A Spanish judge issued an arrest warrant Tuesday for Israeli Prime Minister Benjamin Netanyahu and other Israeli officials over the 2010 raid on a Gaza flotilla that was attempting to break an Israeli blockade, the Jerusalem Post reports.
The International Criminal Court decided not to prosecute Israel over the incident, and the United Kingdom took steps to prevent judges from acting on activists’ requests to issue warrants.
Still, the Spanish warrant risks dividing the world in the wake of terror attacks in Paris.
In the May 2010 incident, six ships sailed from Turkey, with the support of an Islamist group, the IHH Humanitarian Relief Foundation, that Israel considers a terrorist organization. The flotilla was also backed by Turkey’s ruling Islamist party.
While Israeli naval commandos boarded five of the six ships without incident, they were met with armed resistance on the main ship, the Mavi Marmara, whose passengers fired guns, threw flash grenades, and attacked Israeli commandoes with knives and bars. In the melee, the passengers took Israeli personnel hostage. The Israeli naval commandos eventually fired back, killing nine “activists.”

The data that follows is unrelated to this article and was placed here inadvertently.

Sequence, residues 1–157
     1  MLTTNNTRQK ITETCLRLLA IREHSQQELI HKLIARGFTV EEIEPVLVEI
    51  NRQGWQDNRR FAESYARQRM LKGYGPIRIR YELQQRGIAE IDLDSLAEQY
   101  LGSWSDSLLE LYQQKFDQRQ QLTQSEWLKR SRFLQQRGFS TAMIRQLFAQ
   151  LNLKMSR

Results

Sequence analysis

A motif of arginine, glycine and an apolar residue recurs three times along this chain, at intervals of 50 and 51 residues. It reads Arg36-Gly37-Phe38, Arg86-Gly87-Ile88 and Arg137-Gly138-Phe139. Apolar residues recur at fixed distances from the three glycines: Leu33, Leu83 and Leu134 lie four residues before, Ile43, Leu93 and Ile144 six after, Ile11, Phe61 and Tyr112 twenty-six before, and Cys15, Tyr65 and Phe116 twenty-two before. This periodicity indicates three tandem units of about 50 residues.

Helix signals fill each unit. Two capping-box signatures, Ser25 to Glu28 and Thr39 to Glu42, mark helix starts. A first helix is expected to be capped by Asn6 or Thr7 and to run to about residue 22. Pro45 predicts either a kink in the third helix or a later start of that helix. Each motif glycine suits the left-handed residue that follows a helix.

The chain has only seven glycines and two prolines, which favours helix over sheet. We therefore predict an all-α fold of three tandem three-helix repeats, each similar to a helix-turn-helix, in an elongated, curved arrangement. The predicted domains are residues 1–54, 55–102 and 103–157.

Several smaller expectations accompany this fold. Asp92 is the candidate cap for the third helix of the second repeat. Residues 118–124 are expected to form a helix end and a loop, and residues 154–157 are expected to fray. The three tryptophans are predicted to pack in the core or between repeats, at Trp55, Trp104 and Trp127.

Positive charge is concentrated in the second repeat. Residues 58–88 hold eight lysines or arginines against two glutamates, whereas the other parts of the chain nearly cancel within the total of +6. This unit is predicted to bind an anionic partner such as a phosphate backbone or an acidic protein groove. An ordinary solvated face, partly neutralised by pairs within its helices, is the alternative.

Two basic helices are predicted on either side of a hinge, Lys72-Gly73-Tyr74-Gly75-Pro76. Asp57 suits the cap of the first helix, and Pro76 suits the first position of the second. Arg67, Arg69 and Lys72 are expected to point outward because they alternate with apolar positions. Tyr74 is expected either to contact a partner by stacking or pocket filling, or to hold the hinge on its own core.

The incident caused a major international uproar, but Israel contended, and was able to prove, that it had acted within international law.
The purpose of the blockade is to prevent shipments of weapons to Gaza, as well as supposedly “humanitarian” supplies that can be re-purposed for military uses, such as concrete that Palestinian terror groups like Hamas use to build underground tunnels.
Separately, it was reported Tuesday that the South African government had issued arrest warrants for four Israeli generals who were allegedly involved in the Mavi Marmara raid. The claim was publicized by an anti-Israel group based in South Africa. However, the Israeli government denied that any such warrants were issued.
South Africa recently violated its international commitments by failing to arrest Sudanese president Omar al-Bashir, who faces charges of genocide, on his visit to that country.